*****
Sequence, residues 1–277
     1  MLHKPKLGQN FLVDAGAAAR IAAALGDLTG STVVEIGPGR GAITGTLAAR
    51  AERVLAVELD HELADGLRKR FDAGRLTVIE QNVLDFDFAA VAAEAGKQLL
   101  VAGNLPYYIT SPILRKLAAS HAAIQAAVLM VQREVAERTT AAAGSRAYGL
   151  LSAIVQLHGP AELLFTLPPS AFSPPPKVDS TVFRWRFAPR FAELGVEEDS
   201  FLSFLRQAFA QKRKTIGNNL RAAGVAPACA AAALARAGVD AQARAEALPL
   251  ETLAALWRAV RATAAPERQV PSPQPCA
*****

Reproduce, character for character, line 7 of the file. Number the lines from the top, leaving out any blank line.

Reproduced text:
   251  ETLAALWRAV RATAAPERQV PSPQPCA